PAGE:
Descartes invented the graph (Cartesian co-ordinates is an adjective of his name), analytical or co-ordinate geometry and numerous other mathematical principles.
Likewise, in philosophy, Descartes is considered the father of modern philosophy. He believed in this vision: there is nothing that cannot be obtained by logical and rational conclusion.
Descartes came to this conclusion by observing a few very important concepts in Mathematics. He observed that everything in mathematics can be broken down to basic elementary logical steps which have a simple, straight-forward, logical conclusion. For example, the shortest distance between two points is straight line. He then used this conclusion as the premise for subsequent arguments which had an equally rational and logical conclusion. Following our preceding example, the time taken to travel between two points in a straight line must be the minimum.
Descartes loved this form of argument which is prevalent in all mathematics. And he rationalized thus-: if this form of argument can be applied to mathematics and science, why cannot it be applied to other fields including philosophy? And that is exactly what he attempted to do.
He contemplated three different forms of thinking. The first form is the power of observation by sight. However, he found out that observation by sight is not entirely reliable. The building that looks red in the morning looks black in the evening. If so, then what is the actual colour of the building? Is observation by site to be relied upon for such scientific observations? He decided no and went on to experiment with other methods.
The second method he decided to delve into is his consciousness. Can I be absolutely certain that what I am doing is actually what I am doing and not what I am dreaming of doing? No! I could not be absolutely certain of that fact. At times, it appears to me that I am doing something just to find out that I was actually dreaming of accomplishing it. In other words, it was nothing more than a vivid dream.
However, I must admit that the occasions on which I have actually managed to remember my dreams upon waking up are so infrequent and far between that I can count them with one hand.
To continue on Descartes arguments, unable to come up with any other arguments an in utter despair, Descartes modified the second argument: What if the errors and illusions I have are not my fault but are due to some higher order which controls them? What if the higher order is the ultimate authority and that I have no say over what eh decides? What will happen then?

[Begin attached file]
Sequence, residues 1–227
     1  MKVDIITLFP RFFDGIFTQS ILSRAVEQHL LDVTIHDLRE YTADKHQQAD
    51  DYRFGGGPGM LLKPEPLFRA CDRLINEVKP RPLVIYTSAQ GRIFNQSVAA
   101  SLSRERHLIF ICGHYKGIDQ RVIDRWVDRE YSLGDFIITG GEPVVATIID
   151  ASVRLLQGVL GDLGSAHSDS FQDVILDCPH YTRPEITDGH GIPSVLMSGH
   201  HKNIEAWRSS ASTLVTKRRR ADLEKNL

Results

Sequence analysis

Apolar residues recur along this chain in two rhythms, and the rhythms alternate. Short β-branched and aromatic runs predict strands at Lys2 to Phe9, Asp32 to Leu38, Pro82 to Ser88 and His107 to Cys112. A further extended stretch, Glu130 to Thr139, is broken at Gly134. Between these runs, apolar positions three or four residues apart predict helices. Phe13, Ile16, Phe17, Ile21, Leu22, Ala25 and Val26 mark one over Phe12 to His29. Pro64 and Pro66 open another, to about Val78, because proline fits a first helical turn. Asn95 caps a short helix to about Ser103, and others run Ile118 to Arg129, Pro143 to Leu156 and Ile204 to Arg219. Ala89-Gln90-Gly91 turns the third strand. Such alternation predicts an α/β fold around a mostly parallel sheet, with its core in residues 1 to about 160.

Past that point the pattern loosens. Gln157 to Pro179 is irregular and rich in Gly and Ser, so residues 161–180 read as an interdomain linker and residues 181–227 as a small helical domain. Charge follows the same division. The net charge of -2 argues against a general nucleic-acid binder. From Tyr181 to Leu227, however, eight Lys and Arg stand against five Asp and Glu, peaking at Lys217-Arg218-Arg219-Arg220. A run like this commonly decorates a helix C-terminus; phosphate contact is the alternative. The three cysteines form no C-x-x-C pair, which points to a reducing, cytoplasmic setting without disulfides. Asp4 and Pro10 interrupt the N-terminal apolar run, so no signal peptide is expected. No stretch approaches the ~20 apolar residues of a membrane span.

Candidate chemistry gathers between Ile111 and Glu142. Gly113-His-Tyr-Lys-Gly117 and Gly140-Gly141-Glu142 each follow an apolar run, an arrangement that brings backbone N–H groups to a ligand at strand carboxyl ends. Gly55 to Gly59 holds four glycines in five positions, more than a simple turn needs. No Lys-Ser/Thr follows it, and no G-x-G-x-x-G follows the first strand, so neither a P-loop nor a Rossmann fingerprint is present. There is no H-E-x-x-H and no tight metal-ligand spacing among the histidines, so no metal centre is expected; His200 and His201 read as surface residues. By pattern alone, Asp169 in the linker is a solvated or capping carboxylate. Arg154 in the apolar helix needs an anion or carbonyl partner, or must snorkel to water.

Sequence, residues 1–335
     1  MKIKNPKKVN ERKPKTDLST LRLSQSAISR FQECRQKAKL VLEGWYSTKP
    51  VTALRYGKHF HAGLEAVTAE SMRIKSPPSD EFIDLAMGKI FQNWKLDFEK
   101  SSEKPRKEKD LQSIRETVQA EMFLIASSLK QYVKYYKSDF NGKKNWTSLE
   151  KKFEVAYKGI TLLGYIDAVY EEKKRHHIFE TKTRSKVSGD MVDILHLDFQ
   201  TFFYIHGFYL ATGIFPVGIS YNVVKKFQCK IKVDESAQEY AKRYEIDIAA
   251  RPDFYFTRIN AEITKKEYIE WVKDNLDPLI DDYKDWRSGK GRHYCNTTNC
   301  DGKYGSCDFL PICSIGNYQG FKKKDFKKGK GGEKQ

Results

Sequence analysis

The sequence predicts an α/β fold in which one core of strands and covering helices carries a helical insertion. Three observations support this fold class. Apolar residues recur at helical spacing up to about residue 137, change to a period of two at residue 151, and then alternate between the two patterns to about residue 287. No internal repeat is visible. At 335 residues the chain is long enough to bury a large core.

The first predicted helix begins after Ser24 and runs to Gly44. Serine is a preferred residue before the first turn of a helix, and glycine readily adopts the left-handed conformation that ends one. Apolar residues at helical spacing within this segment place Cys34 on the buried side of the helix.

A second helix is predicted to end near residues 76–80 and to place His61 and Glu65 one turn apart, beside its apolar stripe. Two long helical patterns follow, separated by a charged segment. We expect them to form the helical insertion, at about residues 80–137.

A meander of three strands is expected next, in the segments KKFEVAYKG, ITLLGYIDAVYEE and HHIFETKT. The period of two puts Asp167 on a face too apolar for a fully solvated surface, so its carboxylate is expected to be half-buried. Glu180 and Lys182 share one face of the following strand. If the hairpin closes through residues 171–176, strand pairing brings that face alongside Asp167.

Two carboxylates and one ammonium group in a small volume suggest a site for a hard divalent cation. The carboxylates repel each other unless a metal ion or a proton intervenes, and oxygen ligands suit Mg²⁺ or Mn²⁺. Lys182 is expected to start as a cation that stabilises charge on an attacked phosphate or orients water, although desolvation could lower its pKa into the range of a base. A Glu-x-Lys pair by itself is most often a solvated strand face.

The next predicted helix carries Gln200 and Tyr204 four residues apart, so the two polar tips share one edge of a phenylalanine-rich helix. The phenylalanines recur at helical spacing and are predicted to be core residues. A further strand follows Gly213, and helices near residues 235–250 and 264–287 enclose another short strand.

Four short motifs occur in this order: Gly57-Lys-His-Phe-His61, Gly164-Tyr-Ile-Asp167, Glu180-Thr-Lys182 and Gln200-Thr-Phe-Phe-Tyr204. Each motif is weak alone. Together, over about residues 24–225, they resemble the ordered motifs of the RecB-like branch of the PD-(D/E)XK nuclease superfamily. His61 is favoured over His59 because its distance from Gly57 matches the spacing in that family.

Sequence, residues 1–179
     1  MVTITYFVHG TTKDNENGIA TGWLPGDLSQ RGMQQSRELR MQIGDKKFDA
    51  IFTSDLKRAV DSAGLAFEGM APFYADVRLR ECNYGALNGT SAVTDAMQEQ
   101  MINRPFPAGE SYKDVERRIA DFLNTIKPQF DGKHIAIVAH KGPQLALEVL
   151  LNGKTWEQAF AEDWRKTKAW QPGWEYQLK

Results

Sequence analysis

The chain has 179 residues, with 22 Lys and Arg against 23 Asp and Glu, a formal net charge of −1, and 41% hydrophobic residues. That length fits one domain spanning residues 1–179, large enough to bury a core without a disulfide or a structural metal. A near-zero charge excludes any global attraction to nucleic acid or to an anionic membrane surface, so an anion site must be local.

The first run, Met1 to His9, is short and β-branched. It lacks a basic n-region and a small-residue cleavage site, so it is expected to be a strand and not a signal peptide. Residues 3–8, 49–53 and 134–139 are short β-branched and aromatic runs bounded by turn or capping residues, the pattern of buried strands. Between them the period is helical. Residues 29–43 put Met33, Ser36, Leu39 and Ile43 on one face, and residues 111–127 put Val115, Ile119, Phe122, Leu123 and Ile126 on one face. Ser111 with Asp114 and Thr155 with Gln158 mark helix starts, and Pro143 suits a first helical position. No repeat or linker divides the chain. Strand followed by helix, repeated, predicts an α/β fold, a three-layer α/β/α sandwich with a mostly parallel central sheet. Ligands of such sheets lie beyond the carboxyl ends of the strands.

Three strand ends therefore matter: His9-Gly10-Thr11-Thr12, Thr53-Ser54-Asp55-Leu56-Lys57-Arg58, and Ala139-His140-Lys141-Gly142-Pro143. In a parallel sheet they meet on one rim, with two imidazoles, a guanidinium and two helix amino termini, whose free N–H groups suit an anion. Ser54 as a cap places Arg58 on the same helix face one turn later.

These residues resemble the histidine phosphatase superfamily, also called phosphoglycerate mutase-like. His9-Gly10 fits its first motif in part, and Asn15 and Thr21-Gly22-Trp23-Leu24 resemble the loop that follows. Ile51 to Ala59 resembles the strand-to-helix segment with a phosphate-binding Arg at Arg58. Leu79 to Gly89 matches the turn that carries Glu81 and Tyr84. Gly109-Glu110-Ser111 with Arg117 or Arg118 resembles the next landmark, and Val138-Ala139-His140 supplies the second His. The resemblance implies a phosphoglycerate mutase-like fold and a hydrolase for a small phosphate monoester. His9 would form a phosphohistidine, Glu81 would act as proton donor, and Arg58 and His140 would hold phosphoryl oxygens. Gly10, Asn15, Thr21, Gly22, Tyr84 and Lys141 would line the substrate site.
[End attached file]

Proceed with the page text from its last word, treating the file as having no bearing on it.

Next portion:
If that is the case, then the best solutions would be to assume that what your consciousness says is true. I may have had some experiences and m not sure if the experiences occurred in reality or in a dream. However the one thing I am sure of is that I had an experience. This is a certainty which cannot be refuted and thus must be proven true, like an axiom. It this follows that the consciousness is a fact and so is the notion that I exists since consciousness cannot exist without the existence of being and consequently, the existence of oneself and of consciousness are interlinked and interdependent on each other. Descartes came up with beautiful and elegant phrase for it â€˜cogito ergo sumâ€™ or â€˜I think therefore I amâ€™.
Following this conclusion towards its ending, we know that we are not perfect in anyway but on the contrary, are filled with flaws. But we also know what an ideal human being should be, namely, perfect and ideal in every sense and inextricably linked with his consciousness as a human being. We usually denote this idea human being as God. Thus we presume that god exists [Descartes extrapolated this to knowing that god exists, how do you come to that conclusion?]. Provided we do our job, god will take care of the outcome, which he will do by presenting me with an outcome which my consciousness clearly recognizes as true.
This is very similar to the Hindu philosophy; do your karma and whatever the result is the one you have worked for. In other words, reap as you sow. this raises an important question, did Descartes come into contact with Indian philosophy? If so, then how? Wherefrom? However, this is besides the scope of this article as answering this question will lead us to the history of civilizations.